Time for another cup of Tea with Emily

OK, so my Geneticist friend in the U S of A keeps writing her tea break chats. This latest was on co-sanguinity and the accumulation of tiny genetic differences betwixt non mixed groups becoming apparent when they interbreed. This, in turn, she reckoned gave ample scope for autism to have emerged in recent years. I’ll put the reference to her blog at the bottom – this is our post blogging chat………

 

So I started:

“Seriously? Whereas autistic labelled symptomologies have emerged over the last forty years, intercommunal interbreeding has been rife for hundreds of generations and, in the “more developed” world it has been the norm for over a century. Computers give us the power to handle vast multitudes of data, which, quite frankly, are so beyond our human interpretation that just because we can does not mean we should! genies are best left in their bottles……

“Happy new year and the like. I’m pleased you continue to have your tea breaks – I drink far to much coffee…….”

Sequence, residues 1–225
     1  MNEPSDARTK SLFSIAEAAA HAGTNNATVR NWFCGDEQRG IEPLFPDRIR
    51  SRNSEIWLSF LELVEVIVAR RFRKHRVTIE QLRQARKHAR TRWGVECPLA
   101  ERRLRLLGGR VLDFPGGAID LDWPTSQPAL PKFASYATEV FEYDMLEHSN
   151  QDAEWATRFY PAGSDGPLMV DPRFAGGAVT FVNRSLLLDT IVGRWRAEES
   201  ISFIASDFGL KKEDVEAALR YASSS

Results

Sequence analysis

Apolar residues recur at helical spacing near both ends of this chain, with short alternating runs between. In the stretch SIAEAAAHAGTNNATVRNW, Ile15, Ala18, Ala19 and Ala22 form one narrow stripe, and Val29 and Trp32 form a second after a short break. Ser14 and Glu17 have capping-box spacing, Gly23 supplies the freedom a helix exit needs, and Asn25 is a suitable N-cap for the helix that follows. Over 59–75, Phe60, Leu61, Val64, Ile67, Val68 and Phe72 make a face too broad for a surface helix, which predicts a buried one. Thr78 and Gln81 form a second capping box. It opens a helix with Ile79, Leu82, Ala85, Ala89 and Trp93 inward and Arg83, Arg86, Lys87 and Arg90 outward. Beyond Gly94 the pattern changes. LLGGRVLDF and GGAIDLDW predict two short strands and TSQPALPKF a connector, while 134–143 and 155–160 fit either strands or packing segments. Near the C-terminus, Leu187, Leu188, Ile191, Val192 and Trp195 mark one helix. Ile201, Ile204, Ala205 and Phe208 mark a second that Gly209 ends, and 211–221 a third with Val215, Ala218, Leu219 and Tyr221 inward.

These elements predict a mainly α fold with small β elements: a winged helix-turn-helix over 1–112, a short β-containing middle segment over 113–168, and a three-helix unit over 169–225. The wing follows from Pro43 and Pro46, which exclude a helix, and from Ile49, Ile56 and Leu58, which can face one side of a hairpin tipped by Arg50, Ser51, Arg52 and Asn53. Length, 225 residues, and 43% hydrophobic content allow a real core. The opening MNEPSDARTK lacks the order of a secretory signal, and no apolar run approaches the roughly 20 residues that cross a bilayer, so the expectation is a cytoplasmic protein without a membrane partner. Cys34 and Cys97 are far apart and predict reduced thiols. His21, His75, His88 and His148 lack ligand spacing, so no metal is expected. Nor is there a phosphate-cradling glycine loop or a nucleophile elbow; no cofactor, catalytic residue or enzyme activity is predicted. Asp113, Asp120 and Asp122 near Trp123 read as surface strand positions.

• The level of travel and intermixing has exploded in the 20th century. But you already know my stance on autism prevalence and that it is not a new entity peculiar to the last century.

      Still definitely drinking tea. Although I’ve switched from mugs and am enjoying a proper tea cup nowadays. 😊 👍🏻

  1. But Emily, even in the last forty years the rate of increase, year on year has been phenomemal. That could never, ever be thought of as being a genetically sourced change. We are not drosophilla!
    C/W the EXPLOSION in obesity and diabetes in US (and UK) since the 1980s. Also phenomenal. Also no way genetically derived.

    • I suspect that the rise in diagnosis rates, aside from being in part due to changes in how the label itself is defined, are affected by environmental factors. But I also suspect that heritable factors are involved in that vulnerability to environment. And small-effect genetic variants are actually the PERFECT partner to help explain vulnerability to environmental agencies. So the idea that common polymorphisms exist that affect autism risk would in fact fit perfectly with your focus on environmental influences.

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About greencentre

Non grant supported hence independent scientist, green activist, writer and forest planter.
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